The purpose of the Army paper is to propose a response to China’s anti-access/area denial strategy, which targets an aggressor with an overwhelming barrage of munitions (smart, supersonic and networked) to deny them access to a given area. The so-named A2/AD strategy resulted from China’s study of America’s tactics in Operation Desert Storm and now presents a suite of weapons to counter America’s ability to project power: anti-ship ballistic missiles, air and sea-launched cruise missiles, on-the-drawing-boards hypersonic glide vehicles, and heat-reading satellites that provide a defensive umbrella that can strike at anything that moves, or doesn’t. If-you-can-see-it-you-can-kill-it has been transformed — it’s now possible to kill something you can’t see.
The U.S. Army’s “Multi-Domain Transformation” is meant to be a solution to this, but that seems only notionally true: instead of fighting its way into an anti-access umbrella, the report says, the Army would preposition its forces inside the enemy’s defenses and hunker down. The opening barrage of any future war would presumably kill most of the these soldiers, but some would remain. More simply, the goal of this “inside force,” as defense reporter Sydney Freedberg notes, is to provide a foothold that creates “an opening in the foe’s defense into which US reinforcements can flow.” But even with that, the Army’s plan seems stillborn: reinforcements to do what?
The “Multi-Domain Transformation” paper appears to be a follow-on from a 2017 Rand Corporation analysis that recommended that the Army develop new structures (multi-domain fire battalions) and technologies (improved long-range missiles) to counter the A2/AD challenge. But nowhere in that study was there a suggestion that the Army actually preposition its forces inside a potential enemy’s defenses, or precisely how that might be done. Which may be why the earliest critiques of the Army’s proposal have been so dismissive.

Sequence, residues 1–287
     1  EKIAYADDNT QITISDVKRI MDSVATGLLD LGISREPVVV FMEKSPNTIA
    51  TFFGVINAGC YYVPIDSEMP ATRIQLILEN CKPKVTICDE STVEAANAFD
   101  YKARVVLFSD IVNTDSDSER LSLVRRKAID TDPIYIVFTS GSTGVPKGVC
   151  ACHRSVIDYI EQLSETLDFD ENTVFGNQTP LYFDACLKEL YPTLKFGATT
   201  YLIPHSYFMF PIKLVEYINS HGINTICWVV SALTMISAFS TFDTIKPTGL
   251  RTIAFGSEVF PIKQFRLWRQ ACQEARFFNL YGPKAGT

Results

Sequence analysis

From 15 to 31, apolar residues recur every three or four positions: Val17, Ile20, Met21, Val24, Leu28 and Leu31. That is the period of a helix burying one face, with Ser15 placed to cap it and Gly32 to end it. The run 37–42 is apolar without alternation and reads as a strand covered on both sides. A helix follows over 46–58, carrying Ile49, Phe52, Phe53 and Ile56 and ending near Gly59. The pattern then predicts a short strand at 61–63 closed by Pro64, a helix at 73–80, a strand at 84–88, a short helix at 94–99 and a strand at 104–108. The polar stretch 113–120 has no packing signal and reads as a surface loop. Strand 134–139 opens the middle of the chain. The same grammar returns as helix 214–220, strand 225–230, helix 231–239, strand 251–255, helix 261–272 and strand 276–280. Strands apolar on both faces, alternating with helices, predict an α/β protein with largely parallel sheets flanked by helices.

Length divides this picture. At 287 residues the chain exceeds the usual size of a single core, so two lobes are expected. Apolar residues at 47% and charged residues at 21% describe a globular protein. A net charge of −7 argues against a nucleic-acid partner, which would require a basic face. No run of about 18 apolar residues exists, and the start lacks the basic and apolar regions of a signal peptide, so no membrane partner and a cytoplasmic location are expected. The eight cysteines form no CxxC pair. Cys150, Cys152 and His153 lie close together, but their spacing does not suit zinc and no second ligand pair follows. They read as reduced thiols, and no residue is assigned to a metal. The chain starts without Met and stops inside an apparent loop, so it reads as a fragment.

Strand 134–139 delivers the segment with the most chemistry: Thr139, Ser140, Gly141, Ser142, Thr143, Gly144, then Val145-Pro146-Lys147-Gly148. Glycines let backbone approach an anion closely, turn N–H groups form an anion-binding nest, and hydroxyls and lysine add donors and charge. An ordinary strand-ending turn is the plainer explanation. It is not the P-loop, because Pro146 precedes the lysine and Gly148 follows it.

“The only way to get inside of China’s anti-access umbrella is to station our troops in Shanghai — a deployment the Chinese are unlikely to allow,” a senior civilian Pentagon advisor tells Responsible Statecraft. “I agree: we need to pre-position our military forces to areas where they can survive. But where exactly would that be?”
The critique seems justified, as the paper suggests that the Army’s true adversary is not Russia, China, or Iran — or any other potential adversary that is developing anti-access and area denial weapons. The true adversary is the Air Force and Navy, the services that will do the heavy lifting in any future engagement against a hyper-sonically networked foe. That view is hardly controversial, as it was endorsed by McConville’s predecessor, former Army Chief of Staff (and current JCS Chairman), Gen. Mark Milley. “Look, I’m an Army guy,” Milley said back in December. “And I love the Army. But the fundamental defense of the United States and the ability to project power forward will always be for America naval and air and space power.” The “Multi-Domain Transformation” paper is the Army’s response: it’s a poorly disguised bid to be dealt back into the Pentagon budget game.